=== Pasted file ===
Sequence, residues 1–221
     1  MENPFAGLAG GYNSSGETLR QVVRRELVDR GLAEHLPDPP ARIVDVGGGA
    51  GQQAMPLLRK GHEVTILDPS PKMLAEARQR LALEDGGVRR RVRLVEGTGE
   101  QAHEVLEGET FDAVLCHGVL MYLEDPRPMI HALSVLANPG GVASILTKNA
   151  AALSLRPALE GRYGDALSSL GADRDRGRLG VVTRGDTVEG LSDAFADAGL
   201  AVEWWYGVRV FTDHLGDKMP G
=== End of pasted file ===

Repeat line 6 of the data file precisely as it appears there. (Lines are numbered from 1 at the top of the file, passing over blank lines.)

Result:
   201  AVEWWYGVRV FTDHLGDKMP G